And that made me chuckle! I guess you’ll have to stick with your hibiscus tea, and if you have the means, tuck those tiny mallows into ice cubes for fancy drinks at the museum galas!
I worked with an editor of a weekly that relished a good yarn on an “April Fool’s” day edition. He pulled off a magnificent try years ago, telling the story of a town of the same fruit’s name attempting to grow citrus.The writer got caught up in the story and it just flowed from there.
Maybe some day we can raise citrus in the Midwest, but I kind of doubt it.
I’m in love with books, fiction and non-fiction, and movies. They are all, in many respects flights of fancy. And, it’s a real treat to run across an author who is also a great storyteller. I’ve been at many a presentation at which an author read directly from the work but didn’t light up the room until asked a question that inspired a diversion independent of the pages in question.
Your mention of Garrison Keillor and of the legendary Faulkner rang true, as well.
A good tale is worth the telling, and a good tale must have at least some embellishment. Some do it so much better than others.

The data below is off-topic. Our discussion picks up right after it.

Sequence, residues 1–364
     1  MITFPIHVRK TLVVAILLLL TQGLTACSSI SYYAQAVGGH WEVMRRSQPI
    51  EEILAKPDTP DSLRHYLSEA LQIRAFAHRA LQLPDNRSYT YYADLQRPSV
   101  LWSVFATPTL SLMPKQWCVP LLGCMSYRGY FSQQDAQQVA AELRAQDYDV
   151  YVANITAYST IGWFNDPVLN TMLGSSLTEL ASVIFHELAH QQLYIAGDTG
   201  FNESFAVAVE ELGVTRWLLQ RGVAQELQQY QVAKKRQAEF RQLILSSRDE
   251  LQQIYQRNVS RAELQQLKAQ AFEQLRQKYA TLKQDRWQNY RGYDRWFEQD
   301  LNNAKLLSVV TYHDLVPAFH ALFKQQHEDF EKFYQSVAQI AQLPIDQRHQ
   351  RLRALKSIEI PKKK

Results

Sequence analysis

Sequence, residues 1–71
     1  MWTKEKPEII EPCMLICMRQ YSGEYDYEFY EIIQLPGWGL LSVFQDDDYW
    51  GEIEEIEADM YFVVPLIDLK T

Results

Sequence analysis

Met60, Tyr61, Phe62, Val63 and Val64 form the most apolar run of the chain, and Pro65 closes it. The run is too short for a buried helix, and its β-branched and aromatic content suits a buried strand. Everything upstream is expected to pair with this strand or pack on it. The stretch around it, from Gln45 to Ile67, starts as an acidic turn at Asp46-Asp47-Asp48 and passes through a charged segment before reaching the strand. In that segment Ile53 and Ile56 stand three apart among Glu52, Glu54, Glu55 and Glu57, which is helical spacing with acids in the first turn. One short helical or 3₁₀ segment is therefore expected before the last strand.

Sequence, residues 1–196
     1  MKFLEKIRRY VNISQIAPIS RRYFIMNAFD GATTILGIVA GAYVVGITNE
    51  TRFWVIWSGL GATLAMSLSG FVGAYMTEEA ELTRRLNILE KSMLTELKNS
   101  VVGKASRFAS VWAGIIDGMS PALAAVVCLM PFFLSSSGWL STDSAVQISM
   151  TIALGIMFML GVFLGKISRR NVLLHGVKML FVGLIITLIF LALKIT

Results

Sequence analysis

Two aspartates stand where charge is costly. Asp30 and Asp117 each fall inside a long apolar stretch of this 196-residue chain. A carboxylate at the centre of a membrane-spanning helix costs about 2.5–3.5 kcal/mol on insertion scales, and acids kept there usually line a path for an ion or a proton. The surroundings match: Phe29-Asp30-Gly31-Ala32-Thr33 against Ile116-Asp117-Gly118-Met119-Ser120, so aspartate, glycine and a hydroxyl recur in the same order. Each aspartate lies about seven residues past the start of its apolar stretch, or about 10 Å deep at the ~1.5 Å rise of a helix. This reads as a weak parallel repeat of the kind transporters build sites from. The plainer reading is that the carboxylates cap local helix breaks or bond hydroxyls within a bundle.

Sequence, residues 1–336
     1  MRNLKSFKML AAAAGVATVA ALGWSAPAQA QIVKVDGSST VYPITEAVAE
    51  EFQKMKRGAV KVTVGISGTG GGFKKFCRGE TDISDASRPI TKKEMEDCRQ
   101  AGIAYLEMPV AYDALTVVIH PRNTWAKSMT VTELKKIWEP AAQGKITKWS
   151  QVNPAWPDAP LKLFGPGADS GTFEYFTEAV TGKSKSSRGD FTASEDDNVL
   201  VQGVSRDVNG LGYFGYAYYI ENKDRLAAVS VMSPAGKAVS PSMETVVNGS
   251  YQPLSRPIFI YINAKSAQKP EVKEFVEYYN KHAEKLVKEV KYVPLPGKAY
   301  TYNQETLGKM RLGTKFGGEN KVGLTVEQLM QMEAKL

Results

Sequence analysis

I, too, laughed (and winced) at the monumental television news goof. The powers that were tried so hard to make it up to the public. That was entertaining, as well.
You growing citrus in the midwest would be akin to the attempts to grow apples in Texas. It can be done, but there are problems. Not many Texans knew that cotton root rot would take out apple trees; live and learn. I think there are some varieties that will produce in north Texas now, but they sure don’t work even a couple hundred miles south.
Your comment about authors that don’t quite light up the room when doing a reading of their own work was interesting. I’ve never really enjoyed or sought out readings by authors. I don’t know why, but sometimes it seems as though the reading diminishes the work rather than enhancing it. Maybe an author reading from a work for the umpteenth time is just flat bored. I can understand that!
The other thing is that writing and talking are quite different mediums. There are some wonderful jokes that I’ve thought to share online, but they require timing, or dialect, or something else that can’t be communicated on the page. And, as you say, sometimes the give-and-take of conversation sends things in unexpected directions.